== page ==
Migration to the Cloud — My Personal Experience

In my post A Look Forward to 2015, I mentioned the drastic jump in revenue that Microsoft has had with the growth of its cloud services, including Microsoft Azure, Office 365, and Microsoft Dynamics, as well as other SaaS platforms. When you look at the array of products and services Microsoft has developed, it’s clear that Microsoft is gearing up to take the title from the current reigning cloud champion, Amazon. When will Microsoft overtake its rival? Time will tell, but my safe bet is that it will be within the next five years.

It’s one thing to give an opinion based on some kind of metrics. Such metrics can cover revenue or performance—something that can be measured numerically. But sometimes it is the things that cannot be measured that prove to be the key to success or the keys to the kingdom. In this case, those things are the overall user experience. Here, I will share my experience migrating to Microsoftland and to the Office 365 realm.

I knew the migration to the cloud was coming, and when it did, it was a seamless transition. All the magic of the reconfiguration happened as soon as I opened Outlook at the start of my day at work. The only real difference that I spotted was the web access experience. In my humble opinion, there is a world of difference between the Outlook Web Access user experience and the Office 365 user experience. Office 365 is vastly superior to the Outlook Web Access that I’ve used over the years. From an end user’s perspective, this migration was as close as you can get to “smooth as silk.” You know what else was pretty smooth? Going from a mailbox size of fifty megabytes to one of several gigabytes. From an end user’s perspective, what’s not to like about that?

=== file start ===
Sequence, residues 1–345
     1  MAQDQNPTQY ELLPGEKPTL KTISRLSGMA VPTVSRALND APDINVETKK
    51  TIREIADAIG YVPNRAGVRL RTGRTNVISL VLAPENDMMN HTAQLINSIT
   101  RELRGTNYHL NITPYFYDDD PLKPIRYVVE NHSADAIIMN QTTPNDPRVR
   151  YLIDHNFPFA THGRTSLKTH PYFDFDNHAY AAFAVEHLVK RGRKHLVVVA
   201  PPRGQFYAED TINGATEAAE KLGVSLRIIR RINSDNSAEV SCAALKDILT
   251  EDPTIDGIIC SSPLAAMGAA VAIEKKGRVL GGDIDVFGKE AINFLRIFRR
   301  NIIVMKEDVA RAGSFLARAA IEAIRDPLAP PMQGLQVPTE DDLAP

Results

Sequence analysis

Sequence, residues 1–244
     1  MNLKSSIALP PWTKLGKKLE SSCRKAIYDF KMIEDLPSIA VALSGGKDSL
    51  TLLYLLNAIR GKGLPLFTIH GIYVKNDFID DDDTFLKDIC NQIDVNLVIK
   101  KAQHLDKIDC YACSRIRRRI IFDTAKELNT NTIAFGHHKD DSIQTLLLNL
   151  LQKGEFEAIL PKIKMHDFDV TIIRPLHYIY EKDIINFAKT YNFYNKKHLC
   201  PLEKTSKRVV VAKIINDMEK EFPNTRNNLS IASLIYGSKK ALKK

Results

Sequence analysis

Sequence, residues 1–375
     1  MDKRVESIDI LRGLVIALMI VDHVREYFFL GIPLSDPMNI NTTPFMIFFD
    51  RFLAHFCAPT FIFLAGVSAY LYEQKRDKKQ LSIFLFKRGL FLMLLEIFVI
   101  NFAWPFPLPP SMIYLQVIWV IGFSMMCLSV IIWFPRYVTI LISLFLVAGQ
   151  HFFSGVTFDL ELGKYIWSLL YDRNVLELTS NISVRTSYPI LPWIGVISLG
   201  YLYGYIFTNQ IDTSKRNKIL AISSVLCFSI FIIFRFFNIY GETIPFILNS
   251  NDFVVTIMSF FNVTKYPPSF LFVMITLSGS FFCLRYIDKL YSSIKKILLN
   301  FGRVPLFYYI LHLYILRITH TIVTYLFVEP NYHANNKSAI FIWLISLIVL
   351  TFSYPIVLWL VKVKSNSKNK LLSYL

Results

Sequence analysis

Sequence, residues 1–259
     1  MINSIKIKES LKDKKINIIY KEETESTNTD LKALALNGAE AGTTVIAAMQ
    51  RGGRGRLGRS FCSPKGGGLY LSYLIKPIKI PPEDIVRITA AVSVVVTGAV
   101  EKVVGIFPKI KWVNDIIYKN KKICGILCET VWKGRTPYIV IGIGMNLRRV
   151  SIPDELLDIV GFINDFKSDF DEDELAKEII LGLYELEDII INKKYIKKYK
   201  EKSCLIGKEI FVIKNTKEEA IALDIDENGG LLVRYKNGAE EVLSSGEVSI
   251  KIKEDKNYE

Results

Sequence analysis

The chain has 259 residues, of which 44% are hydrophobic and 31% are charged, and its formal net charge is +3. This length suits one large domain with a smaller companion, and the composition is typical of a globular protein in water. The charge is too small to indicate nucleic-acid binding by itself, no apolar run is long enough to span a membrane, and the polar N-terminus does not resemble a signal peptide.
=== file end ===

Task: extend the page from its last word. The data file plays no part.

This experience, as well as the published metrics, have reinforced my belief that future IT will be served à la carte. CTOs of companies will put together a menu of services that they feel can be offloaded to the cloud. For example, email is one of those services that started out as a nice perk and now is mission-critical. I believe the near future will have corporate services marching to the cloud, especially for Microsoft-centric data centers.

In Microsoftland, you are able to offload email, Office, SQL, SharePoint, and Active Directory, just to name a few. Migrating existing functions to cloud-based services is what I believe will be the next trend in IT. This is going to redefine local IT skillsets from “jack-of-many-technologies” to “connector-of-many-technologies.” Sticking my neck out on a timeline for transition, I think it will happen within the next five years.

Let me present to you a vision of the future of IT: it will be more like a restaurant experience than a technology configuration and migration experience. You’ll order the services and technologies you need without worrying about the underpinnings. Welcome to the start of the IT transition to the world of the cloud.

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